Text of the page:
© Saint-Louis, Paris 2007/Jacques Boulay
Cristal de Lorraine
December 1, 2007
The royal glassmaker Saint-Louis, founded by order of Louis XV in 1767, shortly afterward became the first on the European continent to turn glass into crystal by adding lead (a secret that had been discovered by the English nearly a century earlier) and later won renown for its rainbow colors. Baccarat, also with letters patent from Louis XV, opened in the small town of the same name in 1764. More than a century later, Jean Daum bought a glass foundry in Nancy, where he was joined by his brothers Auguste and Antonin; together with cabinetmaker Louis Majorelle and artist Emile Gallé, they created the Art Nouveau Ecole de Nancy and perfected the ancient technique of molten glass. Today they're all back with glittering éclat. Now owned by Hermès, Saint-Louis pursues its reputation for color and diamond-cut rock crystal with its Excess collection by designer Hervé Van der Straeten, and recently opened a museum in its hometown, St-Louis-lès-Bitche. Baccarat revolutionized glass design with its black crystal glasses and chandeliers by Philippe Starck, who also designed its palatial headquarters and museum in Paris. And Daum, which developed molten crystal in the 1960s, now works with such contemporary artists as Arman and Alain Séchas, and recently launched a collection based on watercolors and drawings by Georges Braque. Saint-Louis: 13 rue Royale, 8th; Baccarat's website; Daum's website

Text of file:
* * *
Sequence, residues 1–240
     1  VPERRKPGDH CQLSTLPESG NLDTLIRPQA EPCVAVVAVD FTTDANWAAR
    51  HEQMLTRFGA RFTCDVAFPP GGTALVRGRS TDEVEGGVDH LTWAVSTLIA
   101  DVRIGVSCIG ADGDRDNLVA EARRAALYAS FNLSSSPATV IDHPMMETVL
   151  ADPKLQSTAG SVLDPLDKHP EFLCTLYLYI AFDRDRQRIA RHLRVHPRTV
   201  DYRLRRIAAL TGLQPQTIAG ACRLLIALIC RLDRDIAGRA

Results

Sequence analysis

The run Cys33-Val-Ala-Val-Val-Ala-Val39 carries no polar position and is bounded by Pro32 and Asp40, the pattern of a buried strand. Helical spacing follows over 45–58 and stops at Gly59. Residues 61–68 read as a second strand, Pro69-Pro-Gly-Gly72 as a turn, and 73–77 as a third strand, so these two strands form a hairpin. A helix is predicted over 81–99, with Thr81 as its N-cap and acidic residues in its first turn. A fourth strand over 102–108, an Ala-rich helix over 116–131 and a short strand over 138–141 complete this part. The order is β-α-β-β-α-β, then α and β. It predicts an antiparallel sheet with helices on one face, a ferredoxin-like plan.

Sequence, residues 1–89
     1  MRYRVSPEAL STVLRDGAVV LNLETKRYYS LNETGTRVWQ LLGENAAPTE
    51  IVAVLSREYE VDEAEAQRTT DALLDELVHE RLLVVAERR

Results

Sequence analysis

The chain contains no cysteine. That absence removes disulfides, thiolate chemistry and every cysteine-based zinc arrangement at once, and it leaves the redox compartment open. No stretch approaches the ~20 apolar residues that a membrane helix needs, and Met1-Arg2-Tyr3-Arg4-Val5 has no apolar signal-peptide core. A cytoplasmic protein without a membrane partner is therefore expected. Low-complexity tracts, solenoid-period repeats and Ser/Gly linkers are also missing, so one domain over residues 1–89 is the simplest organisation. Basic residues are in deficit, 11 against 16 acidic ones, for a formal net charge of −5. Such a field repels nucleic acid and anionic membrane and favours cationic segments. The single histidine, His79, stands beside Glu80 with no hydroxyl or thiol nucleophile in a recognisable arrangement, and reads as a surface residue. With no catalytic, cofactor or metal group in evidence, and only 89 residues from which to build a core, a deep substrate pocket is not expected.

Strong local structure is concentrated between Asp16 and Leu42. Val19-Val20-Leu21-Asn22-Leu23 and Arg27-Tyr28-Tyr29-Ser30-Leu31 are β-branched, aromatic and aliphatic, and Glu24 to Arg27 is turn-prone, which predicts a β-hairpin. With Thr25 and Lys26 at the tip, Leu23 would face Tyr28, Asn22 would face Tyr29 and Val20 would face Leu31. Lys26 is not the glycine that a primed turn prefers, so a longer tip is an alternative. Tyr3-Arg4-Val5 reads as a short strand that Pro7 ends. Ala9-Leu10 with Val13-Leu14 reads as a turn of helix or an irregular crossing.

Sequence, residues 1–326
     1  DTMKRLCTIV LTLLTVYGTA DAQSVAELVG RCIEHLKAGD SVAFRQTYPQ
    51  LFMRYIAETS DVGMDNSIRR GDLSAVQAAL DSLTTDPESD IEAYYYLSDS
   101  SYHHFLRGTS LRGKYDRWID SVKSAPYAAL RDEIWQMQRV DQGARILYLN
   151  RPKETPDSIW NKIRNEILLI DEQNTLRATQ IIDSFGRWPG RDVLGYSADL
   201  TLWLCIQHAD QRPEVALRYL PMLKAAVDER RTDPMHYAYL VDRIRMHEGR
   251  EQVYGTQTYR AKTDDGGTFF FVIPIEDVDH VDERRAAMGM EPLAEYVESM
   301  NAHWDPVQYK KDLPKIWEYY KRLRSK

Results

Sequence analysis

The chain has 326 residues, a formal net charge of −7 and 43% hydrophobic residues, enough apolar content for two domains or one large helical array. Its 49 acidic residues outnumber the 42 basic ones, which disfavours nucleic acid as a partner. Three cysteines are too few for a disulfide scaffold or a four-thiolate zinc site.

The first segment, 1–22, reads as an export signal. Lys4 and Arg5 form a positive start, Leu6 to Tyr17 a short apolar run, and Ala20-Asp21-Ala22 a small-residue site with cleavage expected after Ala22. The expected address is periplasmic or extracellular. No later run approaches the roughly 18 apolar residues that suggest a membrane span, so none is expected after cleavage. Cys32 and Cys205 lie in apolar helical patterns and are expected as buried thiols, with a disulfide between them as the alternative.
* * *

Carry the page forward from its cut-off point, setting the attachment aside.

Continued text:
France Today magazine. A unique insider’s perspective on French travel,
culture, real estate and much more. Subscribe today.